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EHR advocates back nationwide disaster-preparedness initiative

Summary

PULSE aims to get patients’ records into emergency physicians’ hands during crises

Newswire: April 9, 2018.

Dateline: Vienna, Va.

The Sequoia Project, a nationwide organization advocating health information exchange, is implementing a new project that involves electronic health records in local disaster preparedness efforts.

Called PULSE, for Patient Unified Lookup System for Emergencies, the project aims to get electronic health records in the hands of emergency medical professionals and healthcare providers in the event of a disaster, regardless of where its victims are being treated.

“PULSE is a public-private collaborative to ensure our cities, counties and states are ready for when the next disaster strikes,” Mariann Yeager, Sequoia’s chief executive, said in a statement. “There are always going to be disasters, and we are always seeking new ways to help people affected.”

PULSE acts to authenticate physicians, nurses, EMS personnel and other emergency workers (including those setting up evacuation centers and field hospitals) so that continuity-of-care documents for each patient can be shared to inform and optimize their treatment during an emergency.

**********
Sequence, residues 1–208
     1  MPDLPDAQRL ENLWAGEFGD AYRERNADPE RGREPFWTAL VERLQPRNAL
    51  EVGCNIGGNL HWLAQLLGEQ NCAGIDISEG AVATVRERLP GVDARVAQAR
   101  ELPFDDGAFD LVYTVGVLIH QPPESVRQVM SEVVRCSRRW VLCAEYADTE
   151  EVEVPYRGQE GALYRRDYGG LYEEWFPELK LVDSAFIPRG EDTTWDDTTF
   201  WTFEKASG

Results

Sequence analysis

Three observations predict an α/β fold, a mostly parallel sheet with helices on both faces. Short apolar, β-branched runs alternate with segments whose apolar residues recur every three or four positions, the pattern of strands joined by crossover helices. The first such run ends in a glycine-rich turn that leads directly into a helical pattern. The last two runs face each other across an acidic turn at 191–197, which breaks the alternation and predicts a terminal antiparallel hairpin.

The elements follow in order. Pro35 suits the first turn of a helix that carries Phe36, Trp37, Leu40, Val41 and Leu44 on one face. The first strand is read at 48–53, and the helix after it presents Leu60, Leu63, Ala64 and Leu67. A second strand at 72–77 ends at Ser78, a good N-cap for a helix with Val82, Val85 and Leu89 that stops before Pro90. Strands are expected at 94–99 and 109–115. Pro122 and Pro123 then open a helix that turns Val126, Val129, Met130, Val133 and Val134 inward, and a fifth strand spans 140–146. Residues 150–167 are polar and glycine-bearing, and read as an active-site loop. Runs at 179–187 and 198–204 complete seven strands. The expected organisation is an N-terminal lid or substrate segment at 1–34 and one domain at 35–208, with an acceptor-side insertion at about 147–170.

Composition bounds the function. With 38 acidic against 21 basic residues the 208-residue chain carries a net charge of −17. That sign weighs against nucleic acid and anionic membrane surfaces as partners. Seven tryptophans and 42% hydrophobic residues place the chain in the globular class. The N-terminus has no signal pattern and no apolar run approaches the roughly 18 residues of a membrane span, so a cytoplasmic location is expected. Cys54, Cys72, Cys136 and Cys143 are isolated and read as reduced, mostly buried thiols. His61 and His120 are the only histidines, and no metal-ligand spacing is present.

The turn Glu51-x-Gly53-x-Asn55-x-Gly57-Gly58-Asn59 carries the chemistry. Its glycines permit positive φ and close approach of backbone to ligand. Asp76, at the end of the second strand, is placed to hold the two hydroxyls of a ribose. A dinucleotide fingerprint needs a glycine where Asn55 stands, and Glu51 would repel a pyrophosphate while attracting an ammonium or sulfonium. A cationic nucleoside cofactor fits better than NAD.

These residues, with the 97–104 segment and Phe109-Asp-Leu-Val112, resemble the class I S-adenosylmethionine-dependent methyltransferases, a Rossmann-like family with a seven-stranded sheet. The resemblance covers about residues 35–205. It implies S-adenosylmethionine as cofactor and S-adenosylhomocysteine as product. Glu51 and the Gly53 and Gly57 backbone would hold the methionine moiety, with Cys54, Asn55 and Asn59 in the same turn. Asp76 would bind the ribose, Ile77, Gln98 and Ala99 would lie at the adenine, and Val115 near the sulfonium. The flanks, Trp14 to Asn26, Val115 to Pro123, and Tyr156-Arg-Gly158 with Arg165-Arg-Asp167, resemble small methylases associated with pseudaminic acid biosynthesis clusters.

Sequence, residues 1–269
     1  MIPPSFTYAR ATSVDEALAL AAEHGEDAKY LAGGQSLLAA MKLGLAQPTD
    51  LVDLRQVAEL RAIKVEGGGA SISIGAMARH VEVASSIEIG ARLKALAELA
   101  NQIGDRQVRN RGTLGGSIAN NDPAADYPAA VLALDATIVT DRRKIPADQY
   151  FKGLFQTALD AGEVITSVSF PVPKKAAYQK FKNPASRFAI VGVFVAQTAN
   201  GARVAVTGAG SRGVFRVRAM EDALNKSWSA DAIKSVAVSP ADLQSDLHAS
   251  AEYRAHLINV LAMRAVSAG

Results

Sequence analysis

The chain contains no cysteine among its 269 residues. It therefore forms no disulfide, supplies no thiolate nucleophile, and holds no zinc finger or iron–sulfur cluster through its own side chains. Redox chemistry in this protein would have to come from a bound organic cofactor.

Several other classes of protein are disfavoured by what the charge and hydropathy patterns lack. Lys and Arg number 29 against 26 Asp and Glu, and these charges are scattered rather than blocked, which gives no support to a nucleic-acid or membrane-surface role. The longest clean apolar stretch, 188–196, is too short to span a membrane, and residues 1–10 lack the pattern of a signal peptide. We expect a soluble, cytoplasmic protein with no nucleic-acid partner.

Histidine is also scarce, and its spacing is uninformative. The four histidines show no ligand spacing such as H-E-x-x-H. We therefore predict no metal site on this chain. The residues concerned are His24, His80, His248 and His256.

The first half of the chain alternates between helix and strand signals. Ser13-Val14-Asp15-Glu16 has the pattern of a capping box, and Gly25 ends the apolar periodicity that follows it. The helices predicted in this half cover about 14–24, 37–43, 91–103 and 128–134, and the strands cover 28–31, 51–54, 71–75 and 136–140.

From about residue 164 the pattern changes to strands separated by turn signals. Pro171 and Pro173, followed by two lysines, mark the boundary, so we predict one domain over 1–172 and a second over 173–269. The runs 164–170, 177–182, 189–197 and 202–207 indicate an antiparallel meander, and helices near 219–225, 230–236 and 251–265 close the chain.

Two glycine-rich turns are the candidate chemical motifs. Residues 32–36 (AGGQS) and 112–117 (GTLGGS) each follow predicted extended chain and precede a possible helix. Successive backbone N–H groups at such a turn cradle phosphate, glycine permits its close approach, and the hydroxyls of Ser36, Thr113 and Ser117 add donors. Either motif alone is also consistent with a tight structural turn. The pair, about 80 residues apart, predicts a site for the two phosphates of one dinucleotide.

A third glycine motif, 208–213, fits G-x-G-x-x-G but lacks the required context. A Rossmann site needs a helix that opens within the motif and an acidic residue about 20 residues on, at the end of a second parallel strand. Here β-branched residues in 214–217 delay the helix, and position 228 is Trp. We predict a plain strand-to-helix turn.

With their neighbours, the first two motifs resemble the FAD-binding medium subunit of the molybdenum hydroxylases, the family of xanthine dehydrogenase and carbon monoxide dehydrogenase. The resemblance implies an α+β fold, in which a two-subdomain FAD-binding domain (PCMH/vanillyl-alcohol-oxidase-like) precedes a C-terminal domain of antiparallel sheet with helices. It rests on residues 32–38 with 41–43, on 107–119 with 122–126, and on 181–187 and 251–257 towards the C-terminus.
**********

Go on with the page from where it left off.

The project seeks to retrieve patient data from hospitals, health information exchanges, pharmacies and other sources and match patients to their data. Sequoia is participating to support a broader deployment. PULSE is based on a demonstration program in California. Sequoia’s network reaches all 50 states through a public-private partnership comprising 75 percent of the nation’s hospitals, thousands of medical groups, and four federal agencies.

“This is an opportunity to put investments into practice. It’s a lesson for all of us to make an impact. Declared disasters are a scary and stressful time,” Yeager said. “Folks need seamless healthcare, whether for emergency care or just uninterrupted prescription access when they are displaced by a disaster.”

California’s pilot program was put into effect during souther California’s wildfire season of late 2017. But in such a remote area, evacuees and patients were instead sent to a local hospital instead of a field hospital or evacuation center.

Read the full story here.

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